5. That does the job right there of demonstrating that any inner circle must be slipping, since all positions of the entire configuration are always the same distance relative to the contact point. Ellen
  6. "Tangential velocity" is and needs to be in relation to a tangent at the point at which it's measured. You effectively accept the idea of an imagined tangent line in accepting the idea of tangential velocity, but you reject the idea of a particular imagined tangent line - the horizontal tangent at the 6 o'clock position - in rejecting the idea of an imagined track on which the smaller circle rolls. This is what I was trying to get through to you, but never mind. Your subsequent sentence mixes up rotational speed and tangential velocity. And then you go on in a subsequent reply to Max to make the same mix-up and you call it "nitpicking" when Max explains the thorough screw up in your thinking which results. Hopeless. As Max says: I, too, am afraid that it isn't satire. You really are muddled beyond unmuddling. Ellen
  7. You haven't answered the question. Ellen
  8. Here's where the "crutch" charge was started, in a diatribe by Merlin on November 19, 2018. Merlin has subsequently made the "crutch" charge nine times in close to the identical wording (viz., that the track is your crutch without which "you are too lame-brained to deal with reality"). Ellen
  9. What is there for the inner wheel to have tangential velocity in relation to? You won't accept the idea of an imaginary support, but then you turn around and rely on the idea of a tangent which doesn't physically exist. Ellen
  10. As I'd said in the post Bob replied to. How many repetitions will be needed before he pays attention? Ellen
  11. I'm reading consecutively from where I last posted yesterday. Ninth's post ends a page, so I've had no glimpse of what, if anything, Bob responded. If he's responded in true-to-form fashion, he'll have said something along the lines of his having a high IQ, therefore not being a "knucklehead." However, Mr. Brilliant - especially at math - doesn't seem to be able to grasp that about .159... miles north of the South Pole, one could circumambulate the globe walking one mile west. (Also on smaller circles the circumference of which is a whole-number fraction of one mile.) Ellen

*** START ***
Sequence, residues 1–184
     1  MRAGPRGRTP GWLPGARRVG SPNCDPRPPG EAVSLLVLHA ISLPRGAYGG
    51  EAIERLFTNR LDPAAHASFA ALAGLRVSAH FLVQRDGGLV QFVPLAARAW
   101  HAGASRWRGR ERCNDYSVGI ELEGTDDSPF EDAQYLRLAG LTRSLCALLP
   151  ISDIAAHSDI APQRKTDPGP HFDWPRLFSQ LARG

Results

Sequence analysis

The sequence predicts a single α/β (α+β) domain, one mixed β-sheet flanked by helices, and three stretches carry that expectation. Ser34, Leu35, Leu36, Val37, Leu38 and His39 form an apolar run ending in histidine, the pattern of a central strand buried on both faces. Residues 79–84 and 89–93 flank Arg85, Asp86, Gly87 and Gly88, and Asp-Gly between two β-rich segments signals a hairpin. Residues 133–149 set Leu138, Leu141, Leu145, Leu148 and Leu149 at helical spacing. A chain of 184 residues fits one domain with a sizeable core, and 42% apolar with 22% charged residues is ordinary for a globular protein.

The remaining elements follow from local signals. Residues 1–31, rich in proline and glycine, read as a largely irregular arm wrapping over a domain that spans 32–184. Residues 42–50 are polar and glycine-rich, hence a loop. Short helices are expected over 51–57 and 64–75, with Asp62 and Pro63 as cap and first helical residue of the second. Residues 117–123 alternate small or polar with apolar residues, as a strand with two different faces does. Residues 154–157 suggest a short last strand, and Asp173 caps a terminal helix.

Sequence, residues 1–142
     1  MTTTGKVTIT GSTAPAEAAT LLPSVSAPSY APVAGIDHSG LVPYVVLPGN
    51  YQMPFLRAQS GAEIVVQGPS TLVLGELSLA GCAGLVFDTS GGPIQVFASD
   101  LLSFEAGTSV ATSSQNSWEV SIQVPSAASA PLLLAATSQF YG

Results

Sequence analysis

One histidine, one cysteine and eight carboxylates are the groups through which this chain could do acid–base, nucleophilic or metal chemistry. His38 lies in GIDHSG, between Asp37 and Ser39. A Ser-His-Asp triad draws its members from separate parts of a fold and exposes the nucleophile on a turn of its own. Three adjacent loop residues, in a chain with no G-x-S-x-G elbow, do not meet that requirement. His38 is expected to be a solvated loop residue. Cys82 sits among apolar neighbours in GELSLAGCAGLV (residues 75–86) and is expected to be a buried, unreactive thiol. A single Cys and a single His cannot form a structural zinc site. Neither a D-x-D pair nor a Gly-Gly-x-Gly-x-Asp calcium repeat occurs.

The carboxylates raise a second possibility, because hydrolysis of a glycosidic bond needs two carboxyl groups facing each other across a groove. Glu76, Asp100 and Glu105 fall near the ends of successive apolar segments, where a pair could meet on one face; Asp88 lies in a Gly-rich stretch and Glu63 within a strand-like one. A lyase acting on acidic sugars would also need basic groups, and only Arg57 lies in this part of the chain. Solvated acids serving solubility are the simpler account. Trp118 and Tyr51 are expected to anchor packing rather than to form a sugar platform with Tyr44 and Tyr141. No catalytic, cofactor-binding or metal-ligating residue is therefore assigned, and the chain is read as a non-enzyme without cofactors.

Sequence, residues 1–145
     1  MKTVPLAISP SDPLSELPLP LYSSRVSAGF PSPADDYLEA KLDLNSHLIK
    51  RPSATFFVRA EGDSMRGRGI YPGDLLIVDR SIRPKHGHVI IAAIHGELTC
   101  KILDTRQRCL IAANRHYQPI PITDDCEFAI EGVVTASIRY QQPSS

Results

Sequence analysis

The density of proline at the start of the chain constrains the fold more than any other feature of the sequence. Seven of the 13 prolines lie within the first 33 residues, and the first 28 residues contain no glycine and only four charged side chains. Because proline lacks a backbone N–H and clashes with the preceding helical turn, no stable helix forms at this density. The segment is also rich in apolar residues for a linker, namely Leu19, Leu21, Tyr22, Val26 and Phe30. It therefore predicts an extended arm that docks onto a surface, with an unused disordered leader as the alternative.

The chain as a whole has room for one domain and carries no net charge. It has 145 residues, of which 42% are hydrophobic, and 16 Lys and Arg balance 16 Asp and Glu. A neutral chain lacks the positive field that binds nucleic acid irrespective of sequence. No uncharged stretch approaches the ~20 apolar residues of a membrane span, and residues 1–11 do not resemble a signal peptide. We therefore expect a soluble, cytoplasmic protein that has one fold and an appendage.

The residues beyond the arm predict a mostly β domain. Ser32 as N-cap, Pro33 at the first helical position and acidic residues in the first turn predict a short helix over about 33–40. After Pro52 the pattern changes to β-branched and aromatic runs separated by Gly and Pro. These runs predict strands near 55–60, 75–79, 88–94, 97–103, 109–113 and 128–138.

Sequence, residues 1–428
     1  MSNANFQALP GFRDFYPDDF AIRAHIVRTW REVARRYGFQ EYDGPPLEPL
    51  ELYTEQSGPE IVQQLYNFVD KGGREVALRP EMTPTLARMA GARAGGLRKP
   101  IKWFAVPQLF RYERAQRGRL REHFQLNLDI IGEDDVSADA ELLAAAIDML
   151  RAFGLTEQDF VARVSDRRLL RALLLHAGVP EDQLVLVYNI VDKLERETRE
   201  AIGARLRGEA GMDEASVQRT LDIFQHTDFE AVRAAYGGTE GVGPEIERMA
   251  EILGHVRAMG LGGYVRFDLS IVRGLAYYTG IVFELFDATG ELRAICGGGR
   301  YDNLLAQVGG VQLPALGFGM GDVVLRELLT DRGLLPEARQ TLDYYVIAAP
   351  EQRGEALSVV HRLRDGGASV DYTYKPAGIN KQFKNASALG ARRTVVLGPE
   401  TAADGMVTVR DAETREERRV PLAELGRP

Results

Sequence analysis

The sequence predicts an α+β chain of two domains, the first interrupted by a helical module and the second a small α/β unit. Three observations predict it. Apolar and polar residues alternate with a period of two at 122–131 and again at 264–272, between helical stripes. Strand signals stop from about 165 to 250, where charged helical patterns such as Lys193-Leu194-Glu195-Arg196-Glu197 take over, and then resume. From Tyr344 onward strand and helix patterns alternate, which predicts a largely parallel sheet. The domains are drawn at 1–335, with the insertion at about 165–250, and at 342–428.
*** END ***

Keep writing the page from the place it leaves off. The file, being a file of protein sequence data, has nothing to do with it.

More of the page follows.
12. The smaller wheel's travel distance is lengthened (though not artificially) by its slipping relative to a horizontal tangent at the 6 o'clock position. This is not the same statement as that the smaller wheel's circumference is lengthened. Ellen
  13. No, that would not be more suitable. There's no lengthening of the smaller wheel's circumference. See Jonathan's and Max's replies to the rest of your post. Ellen
  14. I won't argue about the degree of Tony's bad at mech. He isn't good. It's just that he does bring in some considerations - especially friction - which would have some effect in a physical instantiation. I often wonder if Tony bothers to read what he's responding to. I think that often Bob only sees some isolated feature of a post to which he responds, and that he does not follow the progression of a discussion, which is why he comes up with strange things, like taking your visual illustration of the walking instructions as being a northwest direction. Ellen
  15. We did say that the circumference of the small circle slides or slips in relationship to the track. The small circle is not doing a true roll on the track. This is not to say that the small wheel slips in relationship to the surrounding figure. Nor is it to say that the small wheel's circumference is extended (your latest incorrect attribution). Ellen